I had gone through a near-death experience and was still in a fragile state, and my weekly fiction blog, The Life of George, was a manic rant against a government who were underfunding health care, putting my life at risk, whilst rewarding the rich with tax cuts. Somehow, out of this, my first novel emerged – Devil Gate Dawn. My excellent copy editor got me to tone down the political ranting and focus on the plot, character development and sub-plots to add intrigue and interest in secondary characters. She earned every penny, as this was the most productive tutorial I have ever had. The finished novel is very different from its roots, but to me it will always be about what I was going through at the time.
I may say that I start with a blank page, and therefore anything is possible – anything my imagination comes up with. However, I am wandering into a world of storytelling – a rich tradition that is as old as mankind. I am also constrained by the rules of language. My fictional world is bound not just by the limits of my own experiences and observations, but also, I am told by Christopher Booker in The Seven Basic Plots (2004), by a finite set of seven plot structures:
- Overcoming the Monster
- Rags to Riches
- The Quest
- Voyage and Return
Booker believes, “The very fact that they (stories) follow such identifiable patterns and are shaped by such consistent rules indicates that the unconscious is thus using them for a purpose: to convey to the conscious level of our minds a particular picture of human nature and how it works.”
Stories follow recognizable narrative structures because they follow the contours of human development: initial success followed by crisis, then lasting success or failure. Booker believes that the mark of a successful story is that every detail in it is somehow contributing towards a final resolution. The resolution doesn’t always have to be triumphant. It can be abject failure. But it must show that the main character or characters have undergone some sort of challenge or change through the process. This is the straightjacket of storytelling, and authors must be wary of losing their reader if they deviate too far from the path of dramatic expectation.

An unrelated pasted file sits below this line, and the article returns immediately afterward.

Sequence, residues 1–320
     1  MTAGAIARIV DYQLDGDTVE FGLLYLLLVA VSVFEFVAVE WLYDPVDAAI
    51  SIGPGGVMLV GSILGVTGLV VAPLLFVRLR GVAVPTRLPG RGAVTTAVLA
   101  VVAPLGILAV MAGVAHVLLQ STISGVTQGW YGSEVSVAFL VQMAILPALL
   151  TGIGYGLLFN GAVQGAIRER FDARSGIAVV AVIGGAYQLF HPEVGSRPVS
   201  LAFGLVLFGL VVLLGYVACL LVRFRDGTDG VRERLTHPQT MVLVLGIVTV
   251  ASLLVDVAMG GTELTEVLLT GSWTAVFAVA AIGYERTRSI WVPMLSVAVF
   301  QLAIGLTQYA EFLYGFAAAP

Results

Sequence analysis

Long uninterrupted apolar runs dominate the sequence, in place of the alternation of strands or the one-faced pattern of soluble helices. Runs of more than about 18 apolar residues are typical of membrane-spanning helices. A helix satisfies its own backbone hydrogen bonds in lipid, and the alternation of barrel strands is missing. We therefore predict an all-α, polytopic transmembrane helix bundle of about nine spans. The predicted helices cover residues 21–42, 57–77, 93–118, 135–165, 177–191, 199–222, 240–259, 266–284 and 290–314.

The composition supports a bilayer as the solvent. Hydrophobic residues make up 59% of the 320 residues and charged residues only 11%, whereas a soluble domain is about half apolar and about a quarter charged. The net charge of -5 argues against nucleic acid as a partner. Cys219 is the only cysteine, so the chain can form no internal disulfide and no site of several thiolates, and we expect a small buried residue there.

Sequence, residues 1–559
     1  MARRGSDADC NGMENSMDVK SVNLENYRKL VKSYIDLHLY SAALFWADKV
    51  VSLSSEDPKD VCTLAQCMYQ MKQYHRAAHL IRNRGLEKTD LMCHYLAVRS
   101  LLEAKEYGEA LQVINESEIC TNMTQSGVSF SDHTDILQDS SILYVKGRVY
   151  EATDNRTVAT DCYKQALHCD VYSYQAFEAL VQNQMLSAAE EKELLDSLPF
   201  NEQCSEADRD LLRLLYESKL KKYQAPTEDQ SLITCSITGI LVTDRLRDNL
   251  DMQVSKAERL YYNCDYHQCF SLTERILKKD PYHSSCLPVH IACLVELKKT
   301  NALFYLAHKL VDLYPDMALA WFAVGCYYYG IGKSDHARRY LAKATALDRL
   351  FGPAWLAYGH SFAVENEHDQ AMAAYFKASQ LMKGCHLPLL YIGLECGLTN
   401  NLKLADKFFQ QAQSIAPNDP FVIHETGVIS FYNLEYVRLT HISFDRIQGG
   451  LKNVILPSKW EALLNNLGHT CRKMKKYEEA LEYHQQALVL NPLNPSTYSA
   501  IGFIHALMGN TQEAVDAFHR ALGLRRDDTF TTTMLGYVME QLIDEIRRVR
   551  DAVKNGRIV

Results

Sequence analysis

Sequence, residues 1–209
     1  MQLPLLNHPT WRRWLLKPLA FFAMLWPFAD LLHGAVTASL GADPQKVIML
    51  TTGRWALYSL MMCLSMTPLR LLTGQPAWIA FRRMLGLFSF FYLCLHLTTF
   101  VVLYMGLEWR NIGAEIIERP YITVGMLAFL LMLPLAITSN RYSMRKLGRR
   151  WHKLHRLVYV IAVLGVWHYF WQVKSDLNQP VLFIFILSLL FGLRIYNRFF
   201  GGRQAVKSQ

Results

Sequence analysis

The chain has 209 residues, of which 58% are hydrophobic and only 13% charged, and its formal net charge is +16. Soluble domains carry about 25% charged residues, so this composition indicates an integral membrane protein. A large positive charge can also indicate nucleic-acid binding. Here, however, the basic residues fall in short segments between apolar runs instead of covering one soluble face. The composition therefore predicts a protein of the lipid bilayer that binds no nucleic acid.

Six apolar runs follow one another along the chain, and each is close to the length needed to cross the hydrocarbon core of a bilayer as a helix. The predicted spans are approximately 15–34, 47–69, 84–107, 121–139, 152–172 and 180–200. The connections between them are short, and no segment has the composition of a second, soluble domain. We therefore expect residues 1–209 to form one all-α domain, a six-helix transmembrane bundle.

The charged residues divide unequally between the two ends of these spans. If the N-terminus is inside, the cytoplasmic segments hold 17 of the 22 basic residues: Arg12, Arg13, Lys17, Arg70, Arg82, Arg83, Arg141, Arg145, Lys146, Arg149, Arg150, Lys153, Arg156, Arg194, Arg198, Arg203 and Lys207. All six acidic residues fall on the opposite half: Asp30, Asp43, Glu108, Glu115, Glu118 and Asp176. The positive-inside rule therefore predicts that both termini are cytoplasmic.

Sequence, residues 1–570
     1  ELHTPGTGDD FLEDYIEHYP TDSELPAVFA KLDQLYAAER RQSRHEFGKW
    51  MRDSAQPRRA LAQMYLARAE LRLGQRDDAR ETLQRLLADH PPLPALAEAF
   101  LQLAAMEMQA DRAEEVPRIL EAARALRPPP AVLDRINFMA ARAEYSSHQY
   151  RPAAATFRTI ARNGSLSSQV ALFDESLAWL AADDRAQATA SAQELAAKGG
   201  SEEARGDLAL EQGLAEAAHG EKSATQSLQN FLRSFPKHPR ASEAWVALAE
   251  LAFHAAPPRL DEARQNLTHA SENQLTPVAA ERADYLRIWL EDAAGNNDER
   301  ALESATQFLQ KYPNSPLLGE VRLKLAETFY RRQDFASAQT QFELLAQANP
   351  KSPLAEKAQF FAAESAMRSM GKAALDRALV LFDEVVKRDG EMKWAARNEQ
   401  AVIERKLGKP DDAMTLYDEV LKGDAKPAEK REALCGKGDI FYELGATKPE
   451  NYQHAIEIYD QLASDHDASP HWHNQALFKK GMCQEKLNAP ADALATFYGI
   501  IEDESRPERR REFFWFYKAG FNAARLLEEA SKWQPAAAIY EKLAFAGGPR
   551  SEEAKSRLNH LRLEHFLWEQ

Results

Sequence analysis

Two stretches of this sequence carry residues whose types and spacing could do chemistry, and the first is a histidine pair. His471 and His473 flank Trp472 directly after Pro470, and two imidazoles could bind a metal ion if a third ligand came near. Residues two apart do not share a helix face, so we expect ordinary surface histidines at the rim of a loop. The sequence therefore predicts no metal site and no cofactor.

The publishing industry has created different genres or classifications, ostensibly to help guide readers to finding familiar and preferred types of story, although by doing this, authors are guided down the narrow corridors of conformity. I am not writing to any plan or grand design; hence my four books each being in a different genre – children’s short stories; adult short stories; historical fiction; dystopian thriller. I’m wedged into different tins by the spread of my subject matter.
Through the various constraints, my fiction remains deeply personal - a reflection of my interests, experiences and the product of a creative mind trying to make sense of what has happened to me, whilst celebrating my life in case it prematurely ends (drama!). It has become an intense part of my journey.
To me, my books say, I’M STILL HERE! Whatever they may say to my readers is simply the magic of fiction.
Oh, and an honorable mention is due to Amazon Kindle for providing a platform for indie authors to showcase and share their ideas with others.
To what extent is your fiction writing a reflection of your own life or inspired by real life events? Comment below, please...
Written by Tim Walker.